A Strathmore resident who came to Canada as a refugee from Syria has opened a new barbershop in the downtown core. Sam Al-Mubaied, together with business partner Ahmad Asheti, have opened the Strathmore Barbershop, located in the Strathmore Centre. A grand opening celebration was held on March 1, attended by Strathmore Mayor Pat Fule and Councillors Bob Sobol and Denise Peterson, along with other members of the community. The opening culminates Al-Mubaied’s relocation to Canada with his wife and family from Damascus, Syria in 2016 because of the Syrian civil war. “We weren’t safe there, especially the kids, so we had to leave,” he said. The Hope Community Covenant Church, along with five sponsors, helped Al-Mubaied and his family settle in Strathmore. Since then, Al-Mubaied and his family have adjusted to life here. “I love Strathmore – I feel like it’s my own town and my own community,” he said. “We’re so happy to be safe here.” The business has been ready to open for a few months, but was delayed by COVID-19 public health measures. So, Al-Mubaied took a “wait and see” approach to opening while many businesses were closed. But with personal and wellness businesses services open again (by appointment), Al-Mubaied decided the time was right to launch the new business venture. Like other barbers and hairdressers in town, Al-Mubaied will be working within the confines of COVID-19 protocols. “We’re working under the government’s rules,” he said. Al-Mubaied has been cutting hair for over 10 years and does not think his approach to the craft will be much different than in Syria. “Hair is hair, but every year, there are new styles,” he said. “I’m so excited to start serving the people of Strathmore.” At the reopening, Fule said that having businesses downtown, such as the Strathmore Barbershop, being successful is important to Strathmore’s downtown revitalization. Sean Feagan, Local Journalism Initiative Reporter, Strathmore Times
A tree disease caused by a fungus has been identified in Wheatland County and, if left unchecked, may result in the stunting or death of trees. Black knot, caused by the fungus Apiosporina morbosa, is a disease affecting certain fruit trees (in the genus Prunus), including cherries and plums. The stems of affected trees show a blackish growth or swelling. On Feb. 17, Wheatland County announced its maintenance crews identified black knot in some of its communities. The county’s hamlet operations foreman said black knot was seen a few years ago, and while it does not seem widespread, residents should be aware of it and how to deal with it, wrote Mackenzie Maier, the county’s communication specialist, in an email. While the disease is considered common and widespread in Alberta, if it is left to progress, it can disfigure and reduce the growth of branches, sometimes leading to the death of the tree. It also stresses the infected tree, leaving it more prone to infection from other pathogens. The county cut the infected portions out of the trees areas it maintains. However, diseased branches were identified on private properties, so the county is asking landowners to assess their properties for its presence and remove any infected materials. To control black knot, all knot-bearing branches should be pruned out in late fall, winter or early spring, when plants are dormant and knots visible. Infected branches should be removed six to eight inches below the knot. To avoid spreading the spores of the fungus, shears should be cleaned and disinfected after use. Diseased wood should be either burned or removed from the site, as they may release spores for up to four months after removal. Sean Feagan, Local Journalism Initiative Reporter, Strathmore Times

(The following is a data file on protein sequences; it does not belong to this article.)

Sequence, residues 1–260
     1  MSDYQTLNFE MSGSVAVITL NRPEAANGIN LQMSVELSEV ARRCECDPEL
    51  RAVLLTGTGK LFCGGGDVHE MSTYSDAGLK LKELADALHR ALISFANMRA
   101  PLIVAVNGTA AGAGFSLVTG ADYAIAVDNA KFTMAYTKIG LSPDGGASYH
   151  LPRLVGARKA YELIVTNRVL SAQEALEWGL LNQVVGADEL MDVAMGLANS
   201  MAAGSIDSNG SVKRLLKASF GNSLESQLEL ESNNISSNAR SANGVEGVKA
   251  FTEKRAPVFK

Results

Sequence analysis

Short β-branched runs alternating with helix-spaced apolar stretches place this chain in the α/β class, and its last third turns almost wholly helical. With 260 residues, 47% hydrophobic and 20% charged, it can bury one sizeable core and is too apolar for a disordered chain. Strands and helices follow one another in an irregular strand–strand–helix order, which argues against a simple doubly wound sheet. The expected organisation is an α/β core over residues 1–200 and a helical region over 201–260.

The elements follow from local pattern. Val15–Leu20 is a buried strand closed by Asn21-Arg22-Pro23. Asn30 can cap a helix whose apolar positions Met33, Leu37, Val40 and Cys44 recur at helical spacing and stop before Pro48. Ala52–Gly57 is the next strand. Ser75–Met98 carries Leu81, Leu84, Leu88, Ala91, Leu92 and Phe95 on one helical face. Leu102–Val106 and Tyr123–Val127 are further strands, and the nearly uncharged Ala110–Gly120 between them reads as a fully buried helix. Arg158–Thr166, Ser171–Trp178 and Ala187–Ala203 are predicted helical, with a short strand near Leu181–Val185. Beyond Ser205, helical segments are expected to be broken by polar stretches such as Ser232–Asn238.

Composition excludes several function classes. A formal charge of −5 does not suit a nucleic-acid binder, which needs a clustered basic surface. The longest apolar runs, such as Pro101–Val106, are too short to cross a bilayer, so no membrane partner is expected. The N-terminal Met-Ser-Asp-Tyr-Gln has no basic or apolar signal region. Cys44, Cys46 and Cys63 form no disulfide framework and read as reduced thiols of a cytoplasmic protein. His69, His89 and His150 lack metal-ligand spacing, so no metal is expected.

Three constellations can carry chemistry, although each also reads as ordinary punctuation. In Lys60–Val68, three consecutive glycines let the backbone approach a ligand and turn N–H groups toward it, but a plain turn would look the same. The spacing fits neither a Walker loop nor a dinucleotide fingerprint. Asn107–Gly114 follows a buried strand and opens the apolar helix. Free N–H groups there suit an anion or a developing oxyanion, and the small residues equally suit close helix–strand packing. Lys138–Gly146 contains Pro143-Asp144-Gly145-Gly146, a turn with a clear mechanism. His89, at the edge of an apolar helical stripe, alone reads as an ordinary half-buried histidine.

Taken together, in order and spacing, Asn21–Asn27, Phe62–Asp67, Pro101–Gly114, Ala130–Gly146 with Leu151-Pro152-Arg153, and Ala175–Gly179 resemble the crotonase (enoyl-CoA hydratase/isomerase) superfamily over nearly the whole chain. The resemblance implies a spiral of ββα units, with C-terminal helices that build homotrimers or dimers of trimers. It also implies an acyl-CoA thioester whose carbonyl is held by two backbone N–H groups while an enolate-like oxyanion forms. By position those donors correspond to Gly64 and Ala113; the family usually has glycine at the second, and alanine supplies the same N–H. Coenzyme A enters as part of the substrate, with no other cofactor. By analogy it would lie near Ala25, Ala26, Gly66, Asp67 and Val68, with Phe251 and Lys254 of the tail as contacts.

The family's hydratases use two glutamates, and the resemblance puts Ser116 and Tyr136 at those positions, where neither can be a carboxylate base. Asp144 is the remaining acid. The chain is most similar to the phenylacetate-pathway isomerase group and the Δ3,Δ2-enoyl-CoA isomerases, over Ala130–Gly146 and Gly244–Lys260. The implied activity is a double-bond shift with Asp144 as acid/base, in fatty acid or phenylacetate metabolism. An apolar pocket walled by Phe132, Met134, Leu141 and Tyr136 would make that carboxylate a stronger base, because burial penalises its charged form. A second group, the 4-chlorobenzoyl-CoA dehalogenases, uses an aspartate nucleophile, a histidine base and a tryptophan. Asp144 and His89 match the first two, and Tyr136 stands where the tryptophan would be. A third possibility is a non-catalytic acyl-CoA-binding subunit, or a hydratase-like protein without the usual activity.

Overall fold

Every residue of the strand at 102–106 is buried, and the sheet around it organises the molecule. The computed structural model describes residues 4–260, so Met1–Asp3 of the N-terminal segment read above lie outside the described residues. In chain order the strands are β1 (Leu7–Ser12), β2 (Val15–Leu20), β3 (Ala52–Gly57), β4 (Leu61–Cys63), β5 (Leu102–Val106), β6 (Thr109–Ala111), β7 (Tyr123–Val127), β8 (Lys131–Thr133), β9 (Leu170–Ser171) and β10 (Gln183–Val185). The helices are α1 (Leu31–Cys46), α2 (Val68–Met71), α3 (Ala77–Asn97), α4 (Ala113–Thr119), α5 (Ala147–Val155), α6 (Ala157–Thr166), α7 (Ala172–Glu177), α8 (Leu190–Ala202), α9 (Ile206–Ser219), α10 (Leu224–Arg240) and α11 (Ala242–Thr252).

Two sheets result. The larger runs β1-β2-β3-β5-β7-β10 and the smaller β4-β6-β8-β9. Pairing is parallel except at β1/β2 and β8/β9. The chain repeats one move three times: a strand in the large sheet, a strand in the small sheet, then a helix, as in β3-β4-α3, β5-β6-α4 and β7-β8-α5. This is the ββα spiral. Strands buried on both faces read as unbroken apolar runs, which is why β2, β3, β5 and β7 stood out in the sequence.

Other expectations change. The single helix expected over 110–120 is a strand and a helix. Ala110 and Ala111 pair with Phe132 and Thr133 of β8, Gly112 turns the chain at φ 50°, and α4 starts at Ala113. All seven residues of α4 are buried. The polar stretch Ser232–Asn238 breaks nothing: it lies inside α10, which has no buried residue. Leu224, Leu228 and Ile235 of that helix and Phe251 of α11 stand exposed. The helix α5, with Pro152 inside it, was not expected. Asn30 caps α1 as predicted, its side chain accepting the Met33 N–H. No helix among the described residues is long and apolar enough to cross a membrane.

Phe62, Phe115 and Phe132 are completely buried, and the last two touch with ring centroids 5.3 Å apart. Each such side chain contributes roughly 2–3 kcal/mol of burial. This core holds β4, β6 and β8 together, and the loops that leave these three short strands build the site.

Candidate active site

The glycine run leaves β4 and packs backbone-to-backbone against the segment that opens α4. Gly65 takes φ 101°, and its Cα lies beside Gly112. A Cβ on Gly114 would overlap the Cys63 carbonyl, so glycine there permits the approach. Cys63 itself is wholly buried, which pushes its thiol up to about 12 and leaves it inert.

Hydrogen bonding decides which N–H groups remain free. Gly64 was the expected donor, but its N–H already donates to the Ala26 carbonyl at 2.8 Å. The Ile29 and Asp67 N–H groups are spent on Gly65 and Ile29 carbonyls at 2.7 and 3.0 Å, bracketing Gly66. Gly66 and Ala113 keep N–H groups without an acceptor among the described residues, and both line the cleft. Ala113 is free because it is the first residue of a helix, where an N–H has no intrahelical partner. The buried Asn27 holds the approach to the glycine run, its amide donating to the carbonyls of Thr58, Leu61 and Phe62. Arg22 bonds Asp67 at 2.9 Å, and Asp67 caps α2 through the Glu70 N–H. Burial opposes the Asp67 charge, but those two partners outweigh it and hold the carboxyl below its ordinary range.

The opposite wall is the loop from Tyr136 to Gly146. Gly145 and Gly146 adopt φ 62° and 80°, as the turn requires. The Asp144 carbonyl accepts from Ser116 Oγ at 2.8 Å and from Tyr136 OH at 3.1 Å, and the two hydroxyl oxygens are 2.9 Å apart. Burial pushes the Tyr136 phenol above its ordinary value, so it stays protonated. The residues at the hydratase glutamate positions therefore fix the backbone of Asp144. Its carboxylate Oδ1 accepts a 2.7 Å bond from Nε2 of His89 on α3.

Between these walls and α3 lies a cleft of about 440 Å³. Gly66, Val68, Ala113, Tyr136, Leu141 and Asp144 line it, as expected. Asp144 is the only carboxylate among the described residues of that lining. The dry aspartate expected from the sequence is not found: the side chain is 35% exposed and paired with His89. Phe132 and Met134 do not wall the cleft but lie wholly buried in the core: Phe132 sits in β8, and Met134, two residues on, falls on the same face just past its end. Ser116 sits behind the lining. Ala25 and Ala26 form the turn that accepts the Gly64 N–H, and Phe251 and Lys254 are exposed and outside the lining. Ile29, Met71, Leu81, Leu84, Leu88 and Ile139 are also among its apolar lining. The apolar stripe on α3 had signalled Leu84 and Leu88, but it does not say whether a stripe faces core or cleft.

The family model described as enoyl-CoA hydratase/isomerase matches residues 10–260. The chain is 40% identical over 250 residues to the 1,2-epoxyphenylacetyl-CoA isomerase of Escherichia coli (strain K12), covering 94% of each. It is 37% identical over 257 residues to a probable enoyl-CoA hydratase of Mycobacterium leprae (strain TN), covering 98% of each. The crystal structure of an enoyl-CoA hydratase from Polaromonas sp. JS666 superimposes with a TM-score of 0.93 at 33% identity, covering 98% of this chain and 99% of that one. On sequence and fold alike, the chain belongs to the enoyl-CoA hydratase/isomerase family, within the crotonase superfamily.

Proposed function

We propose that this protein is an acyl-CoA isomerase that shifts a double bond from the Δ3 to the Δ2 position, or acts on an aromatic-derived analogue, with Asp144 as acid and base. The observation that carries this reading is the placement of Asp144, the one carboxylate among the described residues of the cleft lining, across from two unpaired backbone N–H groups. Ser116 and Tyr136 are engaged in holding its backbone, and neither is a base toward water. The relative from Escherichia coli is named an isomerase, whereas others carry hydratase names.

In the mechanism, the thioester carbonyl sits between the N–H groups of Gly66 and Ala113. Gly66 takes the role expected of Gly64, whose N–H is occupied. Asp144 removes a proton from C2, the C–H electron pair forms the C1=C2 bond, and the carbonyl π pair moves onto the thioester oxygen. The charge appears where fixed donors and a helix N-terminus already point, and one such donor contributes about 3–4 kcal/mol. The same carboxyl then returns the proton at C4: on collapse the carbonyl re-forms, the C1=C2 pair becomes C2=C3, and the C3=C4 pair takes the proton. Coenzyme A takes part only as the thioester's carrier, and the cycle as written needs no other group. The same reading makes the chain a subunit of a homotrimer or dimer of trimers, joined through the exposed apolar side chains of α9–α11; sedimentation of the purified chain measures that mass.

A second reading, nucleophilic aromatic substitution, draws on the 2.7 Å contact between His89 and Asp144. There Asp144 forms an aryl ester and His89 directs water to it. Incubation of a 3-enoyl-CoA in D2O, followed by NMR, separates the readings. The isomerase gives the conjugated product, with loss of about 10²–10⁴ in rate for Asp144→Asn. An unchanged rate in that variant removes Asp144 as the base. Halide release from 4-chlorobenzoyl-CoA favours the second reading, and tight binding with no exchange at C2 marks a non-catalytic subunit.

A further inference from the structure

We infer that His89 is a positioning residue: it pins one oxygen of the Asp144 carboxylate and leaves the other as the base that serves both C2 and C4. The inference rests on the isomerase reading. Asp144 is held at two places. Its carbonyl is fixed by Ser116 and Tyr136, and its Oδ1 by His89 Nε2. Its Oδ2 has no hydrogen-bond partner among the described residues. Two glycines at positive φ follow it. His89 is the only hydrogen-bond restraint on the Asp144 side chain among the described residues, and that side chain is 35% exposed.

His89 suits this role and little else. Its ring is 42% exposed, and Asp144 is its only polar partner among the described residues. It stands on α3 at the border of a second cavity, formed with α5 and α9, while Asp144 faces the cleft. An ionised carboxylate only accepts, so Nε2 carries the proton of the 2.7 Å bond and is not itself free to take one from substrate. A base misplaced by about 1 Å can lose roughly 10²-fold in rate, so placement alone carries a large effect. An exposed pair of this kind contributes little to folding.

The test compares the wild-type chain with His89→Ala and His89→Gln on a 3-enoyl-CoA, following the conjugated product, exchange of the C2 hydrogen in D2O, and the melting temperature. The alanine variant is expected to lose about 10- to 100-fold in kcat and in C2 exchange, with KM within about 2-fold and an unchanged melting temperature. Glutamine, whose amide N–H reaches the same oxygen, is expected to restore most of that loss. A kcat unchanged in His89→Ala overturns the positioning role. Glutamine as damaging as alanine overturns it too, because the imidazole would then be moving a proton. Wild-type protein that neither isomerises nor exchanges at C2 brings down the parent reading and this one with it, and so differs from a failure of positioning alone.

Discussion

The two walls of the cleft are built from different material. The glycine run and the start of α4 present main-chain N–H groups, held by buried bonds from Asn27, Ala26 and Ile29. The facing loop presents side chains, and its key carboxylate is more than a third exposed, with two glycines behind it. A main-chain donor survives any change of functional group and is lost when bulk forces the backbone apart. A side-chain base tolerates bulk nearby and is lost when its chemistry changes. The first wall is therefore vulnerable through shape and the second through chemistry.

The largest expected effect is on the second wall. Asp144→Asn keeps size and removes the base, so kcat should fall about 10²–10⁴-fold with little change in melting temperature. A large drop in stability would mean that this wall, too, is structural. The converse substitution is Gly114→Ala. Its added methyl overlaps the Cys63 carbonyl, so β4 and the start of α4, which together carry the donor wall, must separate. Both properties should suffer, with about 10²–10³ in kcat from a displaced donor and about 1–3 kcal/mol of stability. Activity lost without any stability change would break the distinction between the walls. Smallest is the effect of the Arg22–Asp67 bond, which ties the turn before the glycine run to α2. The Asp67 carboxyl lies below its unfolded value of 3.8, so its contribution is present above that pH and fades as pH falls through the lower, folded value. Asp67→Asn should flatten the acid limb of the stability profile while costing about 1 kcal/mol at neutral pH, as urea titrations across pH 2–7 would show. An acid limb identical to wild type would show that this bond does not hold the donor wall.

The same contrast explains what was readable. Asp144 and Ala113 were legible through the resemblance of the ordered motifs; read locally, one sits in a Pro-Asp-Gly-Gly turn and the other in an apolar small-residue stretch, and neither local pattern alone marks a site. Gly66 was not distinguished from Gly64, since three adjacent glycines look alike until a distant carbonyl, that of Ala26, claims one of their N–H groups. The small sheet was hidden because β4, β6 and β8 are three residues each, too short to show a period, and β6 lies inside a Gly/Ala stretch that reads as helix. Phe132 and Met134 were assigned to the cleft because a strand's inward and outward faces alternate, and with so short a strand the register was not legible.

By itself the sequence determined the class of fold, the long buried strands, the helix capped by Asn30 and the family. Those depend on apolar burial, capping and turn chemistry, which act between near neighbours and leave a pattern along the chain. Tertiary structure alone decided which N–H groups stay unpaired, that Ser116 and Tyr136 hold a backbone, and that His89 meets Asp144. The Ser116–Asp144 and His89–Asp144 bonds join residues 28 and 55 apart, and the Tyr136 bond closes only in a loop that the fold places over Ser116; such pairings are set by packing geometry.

The province says that in the next fiscal year, starting April 1, the health system will provide 55,000 additional surgeries on top of the normal volume of 290,000, and by 2023 it plans to be able to to provide all scheduled surgeries within "clinically acceptable times." Health Minister Tyler Shandro says this plan, which will receive $1.25 billion from the province's COVID-19 contingency in last week's budget, and $120 million from the Alberta Surgical Initiative, should eliminate the pandemic backlog of 36,000 surgeries by the end of the year. "Even as AHS was forced to make specific changes to free up capacity, they pressed ahead where they could, and they've worked in partnership with Covenant Health and chartered surgical facilities to minimize delays for patients and the backlog of postponed surgeries," he said Friday. Shandro says chartered surgical facilities began ramping up their surgical activity in December, especially cataract surgeries that have the largest wait lists. This spring, the government will issue requests for proposals for additional capacity for ophthalmology and orthopedic surgical services, in March and May, respectively. "By 2023, this plan means that chartered surgical facilities will offer Albertans 90,000 surgeries each year, far more than the current 40,000 surgeries each year," he said. Opposition criticizes provincial plan In a statement, NDP health critic David Shepherd attributed the number of Albertans waiting for surgeries to the province's "failure to act" as the second wave of COVID-19 rose. "Now, [Premier Jason] Kenney and Tyler Shandro plan to Americanize our health care and lay off 11,000 front-line health-care heroes," Shepherd said. "Kenney's plan to bring more American-style profit into our public health-care system will harm Alberta patients and taxpayers. "Every dollar taken out of Alberta health care as corporate profit is a dollar not available to strengthen the public system that has served Albertans so well through this pandemic." Dr. Francois Belanger, chief medical officer and vice-president of quality for AHS, says seeking an expansion of procedures with chartered surgical facility partners will help manage demand and enhance capacity in high-need areas. "Working in partnership with Alberta Health and these chartered surgical facilities, we are ensuring patients and families receive the surgery they need, when they need it, according to best practices and target benchmarks," he said. "These changes will improve access to surgery for patients, and will increase efficiency in our health-care system." The province said more surgeries are also being performed at five hospital sites — in Edson, Innisfail, Peace River, Banff and Edmonton — which are dedicated to surgical patients. This means people won't face postponements due to space and resources being reserved for COVID-19 patients. Shandro said that, all together, the province reduced the surgical wait list by almost 3,000 patients, from about 77,000 last spring to about 74,200 patients now.